Health and Disease Prevention for Cats and Dogs
Taking good care of a pet includes thinking about how to keep them healthy. Preventing illness is as important for cats and dogs as it is for people. They need caretakers who know how to keep them healthy and to recognize signs that they are sick.
Below are a number of indicators of good health that can be used as guidelines for monitoring the health of dogs. These indicators include:
- Healthy skin is flexible and smooth. It does not have any scabs, growths, white flakes or red areas.
- The colour of the skin ranges from pale pink to brown or black, depending on the breed. Spotted skin is normal, whether the dog has a spotted or solid coat.
- A healthy coat is glossy and flexible or supple. It does not show signs of dandruff or excessive oiliness. There are no bald spots in the coat.
- The eyes are bright and shiny, with minimal signs of mucous and watery tears. The pink lining of the eyelids should not be inflamed, swollen, or have a yellow discharge. Sometimes you can see your dog’s third eyelid, a light membrane, at the inside corner of an eye. It may slowly come up to cover their eye as they go to sleep.
- The whites of the eyes are not yellowish. Eyelashes do not rub the eyeball.
- The skin inside the ears is light pink and clean, with some yellow or brownish wax. A large amount of wax or crust is abnormal. There should be no redness or swelling inside the ear, and your dog shouldn’t scratch their ears or shake their head frequently.
- A dog’s nose is usually cool and moist. It can be black, pink or self-coloured (the same color as the coat), depending on the breed. Nasal discharge is clear, never yellowish, thick, bubbly or foul smelling. A cool, wet nose does not necessarily mean the dog is healthy, and a dry, warm nose doesn’t necessarily mean the dog is sick.
- Healthy gums are firm and pink, black or spotted, just like the dog’s skin. Teeth and mouth can be checked by gently putting your hand over the muzzle and lifting up the sides of the mouth.
- Urine is clear yellow. Most adult dogs have at least two bowel movements a day and stools should be brown and firm.
As well as these indicators of good health, it is important that caretakers know their animal’s individual vital signs.
This is known as monitoring the TPR:
- Temperature – the normal body temperature is 38.3°C to 39.2°C and can be measured rectally or using a touchless thermometer aimed at the ear.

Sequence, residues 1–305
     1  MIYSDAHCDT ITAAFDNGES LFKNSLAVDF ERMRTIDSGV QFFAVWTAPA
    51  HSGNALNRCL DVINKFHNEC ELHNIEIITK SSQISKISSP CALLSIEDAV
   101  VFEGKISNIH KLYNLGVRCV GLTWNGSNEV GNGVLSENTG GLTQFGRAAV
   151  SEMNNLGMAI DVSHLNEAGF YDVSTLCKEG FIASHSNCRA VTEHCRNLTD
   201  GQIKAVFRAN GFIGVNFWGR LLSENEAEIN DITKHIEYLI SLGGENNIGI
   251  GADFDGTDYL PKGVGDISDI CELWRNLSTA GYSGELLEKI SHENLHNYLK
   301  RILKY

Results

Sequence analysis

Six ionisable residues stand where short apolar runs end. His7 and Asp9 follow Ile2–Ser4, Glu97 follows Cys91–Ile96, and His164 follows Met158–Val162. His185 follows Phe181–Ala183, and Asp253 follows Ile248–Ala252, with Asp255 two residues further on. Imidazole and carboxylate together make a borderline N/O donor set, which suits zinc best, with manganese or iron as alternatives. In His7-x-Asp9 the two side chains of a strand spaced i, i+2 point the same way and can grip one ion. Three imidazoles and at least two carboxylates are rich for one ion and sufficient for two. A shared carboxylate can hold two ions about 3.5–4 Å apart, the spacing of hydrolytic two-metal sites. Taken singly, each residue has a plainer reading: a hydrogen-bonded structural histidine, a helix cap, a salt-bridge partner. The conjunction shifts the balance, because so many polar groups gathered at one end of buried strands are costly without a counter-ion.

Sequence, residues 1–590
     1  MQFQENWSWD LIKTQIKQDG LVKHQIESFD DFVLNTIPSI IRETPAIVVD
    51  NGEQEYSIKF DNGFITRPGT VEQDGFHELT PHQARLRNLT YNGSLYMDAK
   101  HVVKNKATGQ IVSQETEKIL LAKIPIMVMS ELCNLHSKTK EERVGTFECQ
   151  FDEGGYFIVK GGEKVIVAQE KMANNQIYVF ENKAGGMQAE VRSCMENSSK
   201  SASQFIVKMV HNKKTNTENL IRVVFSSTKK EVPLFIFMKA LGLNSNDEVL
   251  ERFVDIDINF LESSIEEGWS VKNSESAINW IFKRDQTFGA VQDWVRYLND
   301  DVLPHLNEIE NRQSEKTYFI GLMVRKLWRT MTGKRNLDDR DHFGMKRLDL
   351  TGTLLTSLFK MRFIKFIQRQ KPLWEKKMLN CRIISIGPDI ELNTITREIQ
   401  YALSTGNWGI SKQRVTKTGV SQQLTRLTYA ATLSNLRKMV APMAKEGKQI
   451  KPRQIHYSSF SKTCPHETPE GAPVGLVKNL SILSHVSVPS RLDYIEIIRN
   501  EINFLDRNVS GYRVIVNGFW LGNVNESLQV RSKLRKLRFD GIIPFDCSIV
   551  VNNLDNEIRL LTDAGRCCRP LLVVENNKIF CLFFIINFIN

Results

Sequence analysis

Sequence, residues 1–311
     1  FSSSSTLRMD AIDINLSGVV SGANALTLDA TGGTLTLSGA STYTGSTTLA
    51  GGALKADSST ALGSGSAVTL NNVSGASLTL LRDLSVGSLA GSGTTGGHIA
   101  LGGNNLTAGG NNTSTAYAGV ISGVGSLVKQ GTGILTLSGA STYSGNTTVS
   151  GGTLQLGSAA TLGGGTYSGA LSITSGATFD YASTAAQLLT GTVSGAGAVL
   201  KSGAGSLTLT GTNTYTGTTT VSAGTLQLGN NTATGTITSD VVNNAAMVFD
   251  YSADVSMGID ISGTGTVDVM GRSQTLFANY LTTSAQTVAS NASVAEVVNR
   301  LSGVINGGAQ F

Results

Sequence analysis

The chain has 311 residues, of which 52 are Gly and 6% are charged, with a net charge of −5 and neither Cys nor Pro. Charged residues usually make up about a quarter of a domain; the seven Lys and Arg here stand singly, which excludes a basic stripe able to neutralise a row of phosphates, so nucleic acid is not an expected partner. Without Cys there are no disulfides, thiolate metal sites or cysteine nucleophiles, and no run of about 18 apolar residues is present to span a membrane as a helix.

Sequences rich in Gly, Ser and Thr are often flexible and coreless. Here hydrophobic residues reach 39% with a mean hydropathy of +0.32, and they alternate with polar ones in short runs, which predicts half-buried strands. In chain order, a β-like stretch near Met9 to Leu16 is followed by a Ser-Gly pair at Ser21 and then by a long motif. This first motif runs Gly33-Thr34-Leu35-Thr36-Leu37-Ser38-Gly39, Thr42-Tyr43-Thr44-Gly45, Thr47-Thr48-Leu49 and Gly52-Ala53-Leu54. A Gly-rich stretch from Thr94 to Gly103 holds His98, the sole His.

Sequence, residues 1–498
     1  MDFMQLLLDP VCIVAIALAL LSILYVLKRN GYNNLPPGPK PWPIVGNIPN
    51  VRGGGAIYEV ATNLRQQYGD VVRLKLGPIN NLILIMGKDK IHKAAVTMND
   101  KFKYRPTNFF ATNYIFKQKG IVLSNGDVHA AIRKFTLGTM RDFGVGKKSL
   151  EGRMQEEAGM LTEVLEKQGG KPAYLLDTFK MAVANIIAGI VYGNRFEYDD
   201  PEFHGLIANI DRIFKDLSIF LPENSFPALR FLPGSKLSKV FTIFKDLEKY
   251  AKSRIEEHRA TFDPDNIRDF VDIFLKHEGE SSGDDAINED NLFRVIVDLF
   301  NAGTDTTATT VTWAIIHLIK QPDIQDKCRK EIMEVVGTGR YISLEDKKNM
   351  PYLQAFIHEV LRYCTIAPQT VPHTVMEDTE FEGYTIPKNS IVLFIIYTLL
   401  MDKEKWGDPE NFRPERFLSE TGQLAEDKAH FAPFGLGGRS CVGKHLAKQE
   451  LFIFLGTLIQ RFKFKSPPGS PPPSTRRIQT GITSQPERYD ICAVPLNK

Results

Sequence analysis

- Pulse – a dog’s pulse rate can vary quite a bit between breeds, but an average rate in a resting dog is between 50 to 130 beats per minute. Smaller dogs usually have heart rates in the higher range, while larger dogs have a slower heart rate. The heartbeat can be checked by placing your hand over the left side of the chest. Feel the heart beat with your fingers, not your thumb. Pulse can also be taken by pressing gently on the inside of the top of the hind leg. Here is an example of how to do this:
- Respiration – a normal respiratory rate in dogs also varies, but should be between 10 to 34 breaths per minute in a resting dog. Warmer weather and anxiety can cause panting.
Information adapted from: Dog Health Checklist (Animal Trust)
The following list provides a good basic daily checklist of general guidelines for monitoring the health of cats:
- Disposition of adult cats should generally be friendly and at ease with people; kittens should be active, bright and eager to join in play.
- Eyes should be clear and bright, with no tearing; runny eyes might indicate a respiratory infection.
- Nostrils should be clean and free of discharge; sneezing or nasal discharge might indicate a respiratory infection.
- Ears should be clean and free of dark coloured wax. They shouldn’t be itchy.
- Mouth and gums should be pink, with no ulcers or sores.
- Coat should be glossy, with no bare spots, dry skin or dandruff and no sign of external parasites.
- Skin should be supple and flexible, not dehydrated.
- Belly should not be too thin and should not stick out; either sign might indicate internal parasites or some other disease. Cats have a primordial pouch; sagging skin on the belly but it should be soft and flexible.
- Feces should be brown and well formed.
- Urine should be clear yellow.
As well as these indicators of good health, it is imperative that owners know their animal’s individual vital signs. This is known as monitoring the TPR:
- Temperature – the normal body temperature is 37.7°C to 39.4°C and can be measured rectally or using a touchless thermometer aimed at the inside of the ear.
- Pulse – a cat’s pulse rate can vary, but an average range in a resting cat is between 130 to 240 beats per minute. The heartbeat can be checked by pressing gently against the rib cage over the heart. With the cat standing, feel the heart rate just behind the elbow. Pulse can also be taken by pressing gently on the femoral artery on the inside of the thigh at the groin.
- Respiration – a normal respiratory rate in cats also varies, but should be between 20 to 30 breaths per minute in a resting cat.
Information adapted from: Cat Health Checklist (Animal Trust)